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Based on kernel version 4.9. Page generated on 2016-12-21 14:34 EST.

1	Written by: Neil Brown
2	Please see MAINTAINERS file for where to send questions.
3	
4	Overlay Filesystem
5	==================
6	
7	This document describes a prototype for a new approach to providing
8	overlay-filesystem functionality in Linux (sometimes referred to as
9	union-filesystems).  An overlay-filesystem tries to present a
10	filesystem which is the result over overlaying one filesystem on top
11	of the other.
12	
13	The result will inevitably fail to look exactly like a normal
14	filesystem for various technical reasons.  The expectation is that
15	many use cases will be able to ignore these differences.
16	
17	This approach is 'hybrid' because the objects that appear in the
18	filesystem do not all appear to belong to that filesystem.  In many
19	cases an object accessed in the union will be indistinguishable
20	from accessing the corresponding object from the original filesystem.
21	This is most obvious from the 'st_dev' field returned by stat(2).
22	
23	While directories will report an st_dev from the overlay-filesystem,
24	all non-directory objects will report an st_dev from the lower or
25	upper filesystem that is providing the object.  Similarly st_ino will
26	only be unique when combined with st_dev, and both of these can change
27	over the lifetime of a non-directory object.  Many applications and
28	tools ignore these values and will not be affected.
29	
30	Upper and Lower
31	---------------
32	
33	An overlay filesystem combines two filesystems - an 'upper' filesystem
34	and a 'lower' filesystem.  When a name exists in both filesystems, the
35	object in the 'upper' filesystem is visible while the object in the
36	'lower' filesystem is either hidden or, in the case of directories,
37	merged with the 'upper' object.
38	
39	It would be more correct to refer to an upper and lower 'directory
40	tree' rather than 'filesystem' as it is quite possible for both
41	directory trees to be in the same filesystem and there is no
42	requirement that the root of a filesystem be given for either upper or
43	lower.
44	
45	The lower filesystem can be any filesystem supported by Linux and does
46	not need to be writable.  The lower filesystem can even be another
47	overlayfs.  The upper filesystem will normally be writable and if it
48	is it must support the creation of trusted.* extended attributes, and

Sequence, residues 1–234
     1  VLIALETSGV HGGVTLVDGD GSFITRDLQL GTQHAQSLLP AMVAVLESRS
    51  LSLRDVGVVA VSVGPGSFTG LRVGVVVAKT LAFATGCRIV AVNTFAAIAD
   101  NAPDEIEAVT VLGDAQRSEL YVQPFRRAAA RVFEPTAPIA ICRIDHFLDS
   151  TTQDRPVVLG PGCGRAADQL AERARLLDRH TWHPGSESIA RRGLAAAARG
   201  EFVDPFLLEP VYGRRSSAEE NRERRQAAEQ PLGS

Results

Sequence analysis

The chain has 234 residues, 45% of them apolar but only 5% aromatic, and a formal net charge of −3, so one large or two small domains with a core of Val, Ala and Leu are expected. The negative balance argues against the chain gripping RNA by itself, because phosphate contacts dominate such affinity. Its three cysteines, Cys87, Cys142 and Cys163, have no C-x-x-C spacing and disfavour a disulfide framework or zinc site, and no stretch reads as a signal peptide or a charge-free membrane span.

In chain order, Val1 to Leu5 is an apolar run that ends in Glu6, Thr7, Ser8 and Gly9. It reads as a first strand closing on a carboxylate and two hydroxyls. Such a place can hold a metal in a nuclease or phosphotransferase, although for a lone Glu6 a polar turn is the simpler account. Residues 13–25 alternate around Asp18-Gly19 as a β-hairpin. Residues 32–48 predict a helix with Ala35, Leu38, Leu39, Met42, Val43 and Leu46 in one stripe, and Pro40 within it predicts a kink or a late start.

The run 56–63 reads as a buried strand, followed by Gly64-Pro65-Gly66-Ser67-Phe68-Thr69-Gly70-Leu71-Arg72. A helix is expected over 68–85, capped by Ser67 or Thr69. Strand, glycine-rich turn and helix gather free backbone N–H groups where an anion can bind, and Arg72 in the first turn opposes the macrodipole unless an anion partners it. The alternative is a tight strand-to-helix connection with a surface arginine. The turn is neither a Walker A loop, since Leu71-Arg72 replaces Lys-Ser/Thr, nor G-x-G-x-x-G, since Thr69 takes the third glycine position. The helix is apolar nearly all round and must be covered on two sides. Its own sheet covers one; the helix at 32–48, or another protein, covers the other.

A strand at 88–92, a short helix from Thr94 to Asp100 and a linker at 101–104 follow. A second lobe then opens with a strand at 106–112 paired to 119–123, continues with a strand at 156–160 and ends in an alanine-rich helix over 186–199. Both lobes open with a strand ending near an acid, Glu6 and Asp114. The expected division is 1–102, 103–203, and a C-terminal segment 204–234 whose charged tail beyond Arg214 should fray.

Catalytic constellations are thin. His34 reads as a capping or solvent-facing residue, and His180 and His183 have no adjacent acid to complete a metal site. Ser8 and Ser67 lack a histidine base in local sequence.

49	must provide valid d_type in readdir responses, so NFS is not suitable.
50	
51	A read-only overlay of two read-only filesystems may use any
52	filesystem type.
53	
54	Directories
55	-----------
56	
57	Overlaying mainly involves directories.  If a given name appears in both
58	upper and lower filesystems and refers to a non-directory in either,
59	then the lower object is hidden - the name refers only to the upper
60	object.
61	
62	Where both upper and lower objects are directories, a merged directory
63	is formed.
64	
65	At mount time, the two directories given as mount options "lowerdir" and
66	"upperdir" are combined into a merged directory:
67	
68	  mount -t overlay overlay -olowerdir=/lower,upperdir=/upper,\
69	workdir=/work /merged
70	
71	The "workdir" needs to be an empty directory on the same filesystem
72	as upperdir.
73	
74	Then whenever a lookup is requested in such a merged directory, the
75	lookup is performed in each actual directory and the combined result
76	is cached in the dentry belonging to the overlay filesystem.  If both
77	actual lookups find directories, both are stored and a merged
78	directory is created, otherwise only one is stored: the upper if it
79	exists, else the lower.
80	
81	Only the lists of names from directories are merged.  Other content
82	such as metadata and extended attributes are reported for the upper
83	directory only.  These attributes of the lower directory are hidden.
84	
85	whiteouts and opaque directories
86	--------------------------------
87	
88	In order to support rm and rmdir without changing the lower
89	filesystem, an overlay filesystem needs to record in the upper filesystem
90	that files have been removed.  This is done using whiteouts and opaque
91	directories (non-directories are always opaque).
92	
93	A whiteout is created as a character device with 0/0 device number.
94	When a whiteout is found in the upper level of a merged directory, any
95	matching name in the lower level is ignored, and the whiteout itself
96	is also hidden.
97	
98	A directory is made opaque by setting the xattr "trusted.overlay.opaque"
99	to "y".  Where the upper filesystem contains an opaque directory, any
100	directory in the lower filesystem with the same name is ignored.
101	
102	readdir
103	-------
104